Description: The authors use data collected by a line of tall current meter moorings deployed across the axis of the Kuroshio Extension (KE) jet at the location of maximum time-mean eddy kinetic energy to characterize the mean jet structure, the eddy variability, and the nature of eddy–mean flow interactions observed during the Kuroshio Extension System Study (KESS). A picture of the 2-yr record mean jet structure is presented in both geographical and stream coordinates, revealing important contrasts in jet strength, width, vertical structure, and flanking recirculation structure. Eddy variability observed is discussed in the context of some of its various sources: jet meandering, rings, waves, and jet instability. Finally, various scenarios for eddy–mean flow interaction consistent with the observations are explored. It is shown that the observed cross-jet distributions of Reynolds stresses at the KESS location are consistent with wave radiation away from the jet, with the sense of the eddy feedback effect on the mean consistent with eddy driving of the observed recirculations. The authors consider these results in the context of a broader description of eddy–mean flow interactions in the larger KE region using KESS data in combination with in situ measurements from past programs in the region and satellite altimetry. This demonstrates important consistencies in the along-stream development of time-mean and eddy properties in the KE with features of an idealized model of a western boundary current (WBC) jet used to understand the nature and importance of eddy–mean flow interactions in WBC jet systems.
    Description: This work was supported by National Science Foundation funding for the KESS program under Grants OCE-0220161 (SW, NGH, and SRJ), OCE- 0825550 (SW), OCE-0850744 (NGH), and OCE-0849808 (SRJ). SW was also supported by the MIT Presidential Fellowship. The financial assistance of the Houghton Fund, the MIT Student Assistance Fund, and WHOI Academic Programs is also gratefully acknowledged.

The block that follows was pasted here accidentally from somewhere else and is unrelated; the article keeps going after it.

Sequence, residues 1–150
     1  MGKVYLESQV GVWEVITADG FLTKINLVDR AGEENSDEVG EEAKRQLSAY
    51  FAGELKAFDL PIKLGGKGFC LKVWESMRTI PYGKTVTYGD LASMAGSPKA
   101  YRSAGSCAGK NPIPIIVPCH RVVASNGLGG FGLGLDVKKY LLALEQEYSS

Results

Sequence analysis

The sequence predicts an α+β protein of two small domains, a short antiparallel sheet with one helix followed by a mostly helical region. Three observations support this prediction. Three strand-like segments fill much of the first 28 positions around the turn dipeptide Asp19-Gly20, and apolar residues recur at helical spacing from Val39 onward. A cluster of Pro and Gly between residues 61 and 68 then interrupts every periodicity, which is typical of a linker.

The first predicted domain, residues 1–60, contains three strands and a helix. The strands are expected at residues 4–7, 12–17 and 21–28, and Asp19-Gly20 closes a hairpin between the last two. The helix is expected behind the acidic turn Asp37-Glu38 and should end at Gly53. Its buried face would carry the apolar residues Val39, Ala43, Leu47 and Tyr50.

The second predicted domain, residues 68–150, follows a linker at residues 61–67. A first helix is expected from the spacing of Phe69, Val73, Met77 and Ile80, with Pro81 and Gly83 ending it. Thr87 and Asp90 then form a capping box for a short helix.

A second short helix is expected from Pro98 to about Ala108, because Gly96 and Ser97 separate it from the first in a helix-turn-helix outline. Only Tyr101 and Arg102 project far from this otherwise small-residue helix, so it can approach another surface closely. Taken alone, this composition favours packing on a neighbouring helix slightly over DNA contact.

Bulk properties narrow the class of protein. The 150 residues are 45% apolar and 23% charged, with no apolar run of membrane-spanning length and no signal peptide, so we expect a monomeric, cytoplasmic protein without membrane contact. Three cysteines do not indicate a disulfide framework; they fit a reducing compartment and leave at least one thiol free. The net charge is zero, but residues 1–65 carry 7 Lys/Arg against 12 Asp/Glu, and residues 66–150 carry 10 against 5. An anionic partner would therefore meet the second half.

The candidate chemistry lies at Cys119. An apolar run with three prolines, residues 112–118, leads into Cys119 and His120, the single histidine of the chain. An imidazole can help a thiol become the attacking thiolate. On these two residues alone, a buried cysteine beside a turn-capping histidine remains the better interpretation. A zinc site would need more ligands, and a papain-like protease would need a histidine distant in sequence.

Keywords: Eddies ; Boundary currents ; Jets
    Repository Name: Woods Hole Open Access Server
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  • 6
    Publication Date: 2017-01-04
    Description: Author Posting. © American Meteorological Society, 2014. This article is posted here by permission of American Meteorological Society for personal use, not for redistribution. The definitive version was published in Journal of Physical Oceanography 44 (2014): 427–444, doi:10.1175/JPO-D-13-070.1.
    Description: Between 25 September 2007 and 28 September 2009, a heavily instrumented mooring was deployed in the Labrador Sea, offshore of the location where warm-core, anticyclonic Irminger rings are formed. The 2-year time series offers insight into the vertical and horizontal structure of newly formed Irminger rings and their heat and salt transport into the interior basin. In 2 years, 12 Irminger rings passed by the mooring. Of these, 11 had distinct properties, while 1 anticyclone likely passed the mooring twice. Eddy radii (11–35 km) were estimated using the dynamic height signal of the anticyclones (8–18 cm) together with the observed velocities. The anticyclones show a seasonal cycle in core properties when observed (1.9°C in temperature and 0.07 in salinity at middepth) that has not been described before. The temperature and salinity are highest in fall and lowest in spring. Cold, fresh caps, suggested to be an important source of freshwater, were seen in spring but were almost nonexistent in fall. The heat and freshwater contributions by the Irminger rings show a large spread (from 12 to 108 MJ m−2 and from −0.5 to −4.7 cm, respectively) for two reasons. First, the large range of radii leads to large differences in transported volume. Second, the seasonal cycle leads to changes in heat and salt content per unit volume. This implies that estimates of heat and freshwater transport by eddies should take the distribution of eddy properties into account in order to accurately assess their contribution to the restratification.
    Description: This work was supported by the U.S. National Science Foundation and the Postdoctoral Scholar Program at the Woods Hole Oceanographic Institution, with funding provided by the Devonshire Foundation.
    Description: 2014-08-01
    Keywords: Geographic location/entity ; North Atlantic Ocean ; Circulation/ Dynamics ; Mesoscale processes ; Atm/Ocean Structure/ Phenomena ; Anticyclones ; Boundary currents ; Observational techniques and algorithms ; In situ oceanic observations ; Variability ; Seasonal cycle
    Repository Name: Woods Hole Open Access Server
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  • 7
    Publication Date: 2017-01-04